Ryan Helsley .... digital intermediate producer
Frank McGrath .... assistant editor
Carrie Oliver .... digital editor
Mike Sowa .... digital intermediate color timer
Eric Stran .... assistant editor
Cory Taylor .... second editor
Pauline von Moos .... assistant editor
 
Music Department
Christopher Austin .... conductor
Christopher Austin .... orchestrator
Tom Calderaro .... orchestrator
M.B. Gordy .... musician: Percussion
Ralph Sall .... executive music producer
Ralph Sall .... soundtrack album producer
Jim Schultz .... additional music editor
Artem Vassiliev .... orchestrator
Alice Wood .... music editor
Mark Wyllie .... recording & mixing engineer
Gina Zimmitti .... orchestra contractor
 
Other crew
Dean Galanis .... production assistant
Pamela B. Green .... main title producer
Heather Holty .... digital laboratory project manager
Jesse Kobayashi .... digital laboratory project manager
Jill Léger .... senior research consultant
Jarik Van Sluijs .... creative director: main titles
Randy Weiss .... production executive: Visionbox Media Group
 
Thanks
Frank Marshall .... thanks
Colin Robertson .... special thanks
 

Production CompaniesDistributorsOther Companies

Additional Details

Also Known As:
Runtime:
USA:90 min | USA:96 min | Argentina:96 min
Country:
Language:
Color:
Aspect Ratio:
1.85 : 1 See more »
Sound Mix:

Did You Know?

Movie Connections:
Spin off Arctic Tale (2007) (VG)See more »
Soundtrack:
Happy ever after in your eyesSee more »

FAQ

This FAQ is empty. Add the first question.
1 out of 2 people found the following review useful.
Doesn't Come Close To March Of The Penguins, 11 August 2008
Author: fwomp from United States

Global Warming is a real threat. The majority of scientists across the globe agree on this (there is a small dissenting group but nothing compared to those that believe in the theory). And wildlife filmmakers Adam Ravetch and Sarah Robertson believed there were ways to prove it. So they embarked on a fifteen year odyssey to film the lives of two creatures: Nanu the polar bear and Seela the Walrus.

The arctic is where these two live, and the arctic is the battleground most climatologists point to whenever they are asked for proof of global warming theory. It is important to let our children know that this area is in danger—as are its animals—thanks to the changes in global climate. And children are who this G-rated film is directed at.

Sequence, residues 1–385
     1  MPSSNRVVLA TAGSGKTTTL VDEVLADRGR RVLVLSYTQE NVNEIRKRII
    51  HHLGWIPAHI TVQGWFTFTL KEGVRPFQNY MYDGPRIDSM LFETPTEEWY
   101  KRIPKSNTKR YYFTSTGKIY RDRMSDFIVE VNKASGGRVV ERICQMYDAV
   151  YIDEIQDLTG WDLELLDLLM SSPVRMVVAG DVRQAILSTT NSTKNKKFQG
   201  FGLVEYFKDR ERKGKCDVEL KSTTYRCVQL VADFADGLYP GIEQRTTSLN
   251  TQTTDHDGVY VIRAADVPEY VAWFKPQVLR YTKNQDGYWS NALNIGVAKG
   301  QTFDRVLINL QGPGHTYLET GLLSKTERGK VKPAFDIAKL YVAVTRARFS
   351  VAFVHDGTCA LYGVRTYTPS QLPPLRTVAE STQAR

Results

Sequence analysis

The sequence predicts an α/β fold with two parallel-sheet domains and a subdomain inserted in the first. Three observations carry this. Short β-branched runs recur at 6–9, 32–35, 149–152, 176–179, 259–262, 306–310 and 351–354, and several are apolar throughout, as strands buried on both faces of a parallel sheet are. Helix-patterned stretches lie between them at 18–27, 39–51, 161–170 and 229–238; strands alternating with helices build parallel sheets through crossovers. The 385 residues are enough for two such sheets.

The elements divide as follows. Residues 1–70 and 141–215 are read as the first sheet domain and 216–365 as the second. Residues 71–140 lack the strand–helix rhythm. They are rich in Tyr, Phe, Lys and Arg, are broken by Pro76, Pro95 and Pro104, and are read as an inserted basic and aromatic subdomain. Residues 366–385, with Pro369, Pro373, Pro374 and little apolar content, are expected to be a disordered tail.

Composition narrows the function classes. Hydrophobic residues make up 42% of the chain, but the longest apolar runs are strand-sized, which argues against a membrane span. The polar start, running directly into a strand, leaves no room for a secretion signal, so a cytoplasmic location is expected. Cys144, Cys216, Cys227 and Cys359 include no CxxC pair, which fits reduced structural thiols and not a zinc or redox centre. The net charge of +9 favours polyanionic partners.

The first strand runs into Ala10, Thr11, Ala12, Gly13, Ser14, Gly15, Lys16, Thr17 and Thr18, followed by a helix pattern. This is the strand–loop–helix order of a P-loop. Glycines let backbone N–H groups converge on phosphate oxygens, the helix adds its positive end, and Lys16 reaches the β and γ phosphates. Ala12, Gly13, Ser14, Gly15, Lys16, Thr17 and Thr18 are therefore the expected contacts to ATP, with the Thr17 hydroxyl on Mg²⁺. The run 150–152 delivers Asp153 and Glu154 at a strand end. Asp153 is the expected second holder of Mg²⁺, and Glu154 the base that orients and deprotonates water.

There's the cuddly polar bear scene when Nanu is born with her "brother", and the protective nature of walruses as they fret over their young. And there's the bathroom humor of the walruses as they eat clams and then expel flatulence in roaring surround sound.

But there's also some things that might frighten the very young. Nanu and her ilk are meat eaters; in fact, they love walrus and seal meat. Some bloody carcasses are seen on several occasions, so parents who haven't discussed life-cycles with their young ones should beware. The fact that the movie-makers didn't give Nanu's "brother" and Seela's "auntie" a name should also give you pause (crewman 19!).

To help aid in the marketing of this film, you'll often hear "From the people that brought you MARCH OF THE PENGUINS..." but don't be fooled. Neither director nor the writers involved here were affiliated with March of the Penguins. Both films were aided with production dollars by National Geographic Films but that's about it.

Although March of the Penguins held more astonishing film footage, this film can boast some exquisite shots of its own. Following polar bears around as they swim in the open ocean and watching walruses suckle their newborns was something I found phenomenally well filmed. The vanishing ice flows are also pointedly shown as months into what should have been the arctic winter turns into open seas instead of frozen waters.

Queen Latifah (HAIRSPRAY) does a great job narrating. Never over-the-top, her tone was perfect for the settings. Always.

But I think Morgan Freeman did a bit better job during March of the Penguins. All-in-all, it's a superior documentary that stands head and shoulders above this one. But that shouldn't shame Arctic Tale at all. It's a decent documentary.

Just decent.